In one of the clips Shekau uploaded, he was shot laughing into the camera as he admitted that he kidnapping of 200 girls to the public. “I abducted your girls,” he said. “I will sell them in the market, by Allah. There is a market for selling humans. Allah says I should sell. He commands me to sell. I will sell women. I sell women.” This was in accordance to Sharia law, where captured women are considered booty.
Aside from the sect’s numerous malicious and violent attacks like the September 2013 massacre, the recent kidnappings of Christian and Muslim schoolgirls became one of its most appalling acts. In the middle of the night, members of the group dragged these girls out from their beds and into the Seven Lorries they had. After which, they burned down the school, consequently destroying official records of the students, classrooms and textbooks in defiance to girls having an education. It is due to this destruction of documents, together with the fact that some girls who were not students of the school stayed the night because of exams, became the reasons why the number of abducted girls remains uncertain. The kidnapped girls were led away from Chibok, and the sect and their captives camped momentarily in the Sambisa Forest near the Cameroonian border. Now, Haram along with his hostages may be hiding or may have sold some of the girls to neighboring states. However, Chad and Cameroon are denying such allegations.
In one of the clips the sect released, some of the girls were wearing headdresses and were seen reciting Koranic verses with which the sect proclaimed that the Christian girls were converted into Islam.
However, the terror did not stop here. Haram abducted eleven more girls at a nearby Borno state.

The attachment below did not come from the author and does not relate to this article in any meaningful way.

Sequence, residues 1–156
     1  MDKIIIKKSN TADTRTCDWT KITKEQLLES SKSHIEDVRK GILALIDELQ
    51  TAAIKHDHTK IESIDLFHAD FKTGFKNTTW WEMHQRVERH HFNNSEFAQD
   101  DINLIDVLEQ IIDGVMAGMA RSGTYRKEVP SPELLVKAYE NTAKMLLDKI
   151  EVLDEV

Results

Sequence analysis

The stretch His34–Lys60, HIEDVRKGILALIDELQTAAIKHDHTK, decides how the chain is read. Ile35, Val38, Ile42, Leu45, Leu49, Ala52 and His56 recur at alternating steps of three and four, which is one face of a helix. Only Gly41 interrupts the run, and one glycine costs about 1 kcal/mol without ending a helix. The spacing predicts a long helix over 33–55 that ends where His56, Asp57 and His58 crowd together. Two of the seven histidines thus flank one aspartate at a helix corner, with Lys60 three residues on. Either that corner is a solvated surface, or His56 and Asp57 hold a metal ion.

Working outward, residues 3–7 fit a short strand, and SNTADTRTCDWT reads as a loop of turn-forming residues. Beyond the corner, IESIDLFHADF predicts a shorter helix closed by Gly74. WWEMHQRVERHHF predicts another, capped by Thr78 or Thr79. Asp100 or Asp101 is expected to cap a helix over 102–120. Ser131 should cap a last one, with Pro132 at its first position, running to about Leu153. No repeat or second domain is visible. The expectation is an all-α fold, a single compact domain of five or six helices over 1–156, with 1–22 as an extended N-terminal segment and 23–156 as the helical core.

As of now, only 53 of the kidnapped girls escaped.
As a ransom for these abductions, Haram wants the government to free his fellow brethren from captivity along with their wives and children.
Because of this, the public has taken its sentiments to Twitter and other social media sites with the hashtag “#BringBackOurGirls”, which was started by Ibrahim M. Abdullahi, a lawyer in Abuja.
Since then, there have been public demonstrations that force the government to act immediately. Over and over again, people are posting pictures with this hashtag, demanding for more but expecting less as the days pass by without any news from their daughters.
Two prominent women who posted this hashtag were U.S. First Lady Michelle Obama and the Pakistani activist named Malala Yousafzai. The latter said that the world must not stay silent over the abduction.
Last Saturday, presidents and officials from the West and from Africa held a summit in Paris. Nigeria plans to join forces with its four neighboring countries to strengthen their hold on Haram and to watch out for any of 200 girls they captured. They plan to take stronger measures to exterminate the group. The Western nations agreed to provide training and technical expertise.
“We’re here to declare war on Boko Haram,” Cameroonian President Paul Biya said. Sadly, reports then circulated around the conference of another attack in Cameroon where a soldier was killed on a Friday night attack.
Al-Qaeda or not, Islamic extremist group or not, it is time to put a stop to this before this worsens.